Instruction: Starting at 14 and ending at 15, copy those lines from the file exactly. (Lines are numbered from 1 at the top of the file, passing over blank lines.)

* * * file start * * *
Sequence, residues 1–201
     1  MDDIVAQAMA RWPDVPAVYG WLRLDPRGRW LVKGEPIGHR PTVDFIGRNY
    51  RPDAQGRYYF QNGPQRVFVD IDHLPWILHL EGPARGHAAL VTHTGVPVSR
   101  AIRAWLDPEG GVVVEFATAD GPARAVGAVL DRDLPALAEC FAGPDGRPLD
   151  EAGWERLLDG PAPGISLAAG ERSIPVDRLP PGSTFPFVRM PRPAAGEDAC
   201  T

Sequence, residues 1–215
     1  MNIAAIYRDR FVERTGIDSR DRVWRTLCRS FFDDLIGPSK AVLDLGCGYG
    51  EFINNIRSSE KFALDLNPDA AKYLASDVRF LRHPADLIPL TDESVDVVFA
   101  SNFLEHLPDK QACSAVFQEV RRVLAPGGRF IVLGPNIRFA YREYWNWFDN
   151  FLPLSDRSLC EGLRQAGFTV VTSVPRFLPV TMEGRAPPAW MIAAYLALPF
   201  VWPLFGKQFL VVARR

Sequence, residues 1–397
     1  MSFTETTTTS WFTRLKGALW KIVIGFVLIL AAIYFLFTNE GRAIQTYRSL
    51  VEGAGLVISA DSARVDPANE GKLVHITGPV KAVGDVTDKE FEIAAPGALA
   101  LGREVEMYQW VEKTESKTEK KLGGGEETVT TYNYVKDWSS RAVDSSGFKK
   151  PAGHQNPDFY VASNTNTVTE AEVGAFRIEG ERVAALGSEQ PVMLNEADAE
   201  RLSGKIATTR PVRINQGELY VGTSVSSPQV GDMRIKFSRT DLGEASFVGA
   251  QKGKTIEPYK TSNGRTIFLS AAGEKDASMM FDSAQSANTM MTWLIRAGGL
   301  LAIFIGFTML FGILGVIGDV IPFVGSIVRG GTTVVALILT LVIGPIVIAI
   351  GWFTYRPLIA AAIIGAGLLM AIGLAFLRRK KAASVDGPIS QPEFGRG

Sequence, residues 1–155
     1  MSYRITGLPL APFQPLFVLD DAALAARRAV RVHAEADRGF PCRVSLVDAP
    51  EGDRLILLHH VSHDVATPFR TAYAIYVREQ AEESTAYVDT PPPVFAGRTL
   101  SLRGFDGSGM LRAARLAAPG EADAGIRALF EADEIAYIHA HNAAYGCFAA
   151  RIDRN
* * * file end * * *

     1  MSFTETTTTS WFTRLKGALW KIVIGFVLIL AAIYFLFTNE GRAIQTYRSL
    51  VEGAGLVISA DSARVDPANE GKLVHITGPV KAVGDVTDKE FEIAAPGALA